Little Girl With Red Shoes statue

Girl With Red Shoes, public art, Yokohama

Public Art: Little Girl With Red Shoes statue

Also Known As : Girl With the Red Shoes

Sculptor: © Masamichi Yamamoto

Description: Bronze staue oif a little girl looking out over Yokohama harbour.

Date Unveiled: The Girl with the Red Shoes was unveiled on the 11th November, 1979.

Location:  The Little Girl With Red Shoes sculpture can be found at Yamashita Park, 279 Yamashitacho, Yokohama, Kanagawa Prefecture 231-0023, Japan.

Acknowledgements: Thank you to Keiko Hamada for kindly providing the photos.


This children's song, set in the port of Yokohama and first performed in 1921, has been memorialized with this statue. The statue has been placed here in the hope that it will become a cherished landmark for its countless visitors.

Little Girl With Red Shoes, public art, YokohamaBackground to the girl with the red shoes: Yes, the little girl with the red shoes really did exist. The little girl was Kimi Iwasaki who, at the age of three, was adopted by an American missionary couple called the Hewetts. Kimi wasn't actually an orphan, her mother, Kayo, being very poor gave her daughter Kimi to the missionaries, believing she would have be better life being raised in America.

Unbeknown to Kayo her daughter never boarded the ship to America. Kimi had contracted Tuberculosis and was not allowed to travel with the Hewetts. Instead she was left at a Methodist church orphanage in Tokyo. Sadly, Kimi died there on 15th of September, 1911. She was 9 years old.

Meanwhile her mother Kayo had married a farmer and had moved with him to Hokkaido unaware of the fate of her child. Life for Kayo remained hard and her family suffered many tragic events in the years that followed. Kayo and her husband Shiro eventually moved to Sapporo where Shiro found a job working at a small newspaper. By chance a co worker at the newspaper named Ujō Noguchi heard the sad tale of Kayo giving up her first born to the American couple and wrote her a poem which he named “Akai Kutsu” (Red Shoes). The poem was later put to music by Japanese composer Nagayo Motōri. It became a very popular children's song known throughout Japan. Kayo would often sing the song written for her daughter and whisper “Ujō made that song for you, Kimi,”.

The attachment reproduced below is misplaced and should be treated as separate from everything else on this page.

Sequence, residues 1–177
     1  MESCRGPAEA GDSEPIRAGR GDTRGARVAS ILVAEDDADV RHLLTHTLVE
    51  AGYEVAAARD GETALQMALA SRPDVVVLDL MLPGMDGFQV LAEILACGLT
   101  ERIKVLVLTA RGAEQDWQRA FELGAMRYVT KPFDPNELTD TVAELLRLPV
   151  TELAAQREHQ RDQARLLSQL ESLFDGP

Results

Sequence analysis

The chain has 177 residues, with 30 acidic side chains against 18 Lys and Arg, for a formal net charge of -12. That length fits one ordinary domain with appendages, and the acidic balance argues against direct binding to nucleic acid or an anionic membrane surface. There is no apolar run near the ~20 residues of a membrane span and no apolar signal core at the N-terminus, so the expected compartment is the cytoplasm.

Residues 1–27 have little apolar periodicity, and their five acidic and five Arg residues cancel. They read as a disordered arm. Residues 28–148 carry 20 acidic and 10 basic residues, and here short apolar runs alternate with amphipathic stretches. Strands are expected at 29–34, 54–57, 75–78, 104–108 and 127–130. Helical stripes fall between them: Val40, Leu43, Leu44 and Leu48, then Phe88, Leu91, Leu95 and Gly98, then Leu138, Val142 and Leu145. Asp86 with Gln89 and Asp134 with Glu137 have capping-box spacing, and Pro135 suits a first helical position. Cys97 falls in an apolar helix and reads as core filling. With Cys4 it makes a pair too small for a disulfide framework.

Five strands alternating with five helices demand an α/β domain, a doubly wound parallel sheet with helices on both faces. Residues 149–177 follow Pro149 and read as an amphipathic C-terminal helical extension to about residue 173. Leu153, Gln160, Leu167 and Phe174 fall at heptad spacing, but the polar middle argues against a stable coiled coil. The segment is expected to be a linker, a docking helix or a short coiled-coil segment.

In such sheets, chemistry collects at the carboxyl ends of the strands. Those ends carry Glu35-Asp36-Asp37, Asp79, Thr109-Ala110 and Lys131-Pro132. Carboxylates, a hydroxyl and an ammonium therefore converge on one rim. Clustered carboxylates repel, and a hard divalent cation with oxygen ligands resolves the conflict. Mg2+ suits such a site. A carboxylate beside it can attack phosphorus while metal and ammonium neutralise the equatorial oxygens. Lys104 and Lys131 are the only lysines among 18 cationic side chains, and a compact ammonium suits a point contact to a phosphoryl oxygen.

During her life Kayo never found out the tragic fate of her daughter but in 1973 a Hokkaido TV reporter Hiroshi Kikuchi uncovered the truth about Kimi Iwasaki.

In 1979 the first of many "Red Shoe" statues was erected in Yokohama. In 1989 a statue of Kimi was erected in Azabu-Jūban near where the orphange once stood. On the day that it was unveiled an unknown person left 40 yen at the statue's feet. This soon caught on and over the years millions of yen have been raised for UNESCO and other childcare charities.

The Song: 

“Akai Kutsu” (Red Shoes)

A little girl nice in her pretty red shoes
Has gone far away, taken by a foreigner .

From the port of Yokohama, over the waves,
She has gone with him to his home.

I wonder if she is happy and has nice days.
I wonder if her eyes are blue like a foreigner’s.

I remember her when I see pretty red shoes.
I wonder how she is when I meet a foreigner.

List of Little Girl With Red Shoes statues:

Yokohama, Yokohama Station, Red Shoes copy                                        
Shizuoka Prefecture Nihondaira "Mother and Child statue" ( 1986 )
Tokyo Azabu-Juban "Kimi-chan" ( 1989 )
Hokkaido Rusutsu village "mother" ( 1991 )
Hokkaido Otaru "mother and child" ( 2007 )
Hokkaido Hakodate "Kimi-chan" ( 2009 )
Aomori Prefecture town Ajigasawa "Statue of The Red Shoes" ( 2010 )

Port of San Diego (USA) "Kimi" (June 27th, 2010)

Trivia: A  “The Girl in Red Shoes” statue was presented as a gift to the Port of San Diego and the citizens of San Diego to commemorate the 150th anniversary of the opening of the Port of Yokohama, Japan. In 1960 the port city of San Diego presented Yokohama with a copy of their famous fountain " Guardian of the Water".

There is another statue of the little girl with the red shoes at Kawagoe Matsuri kaikan.





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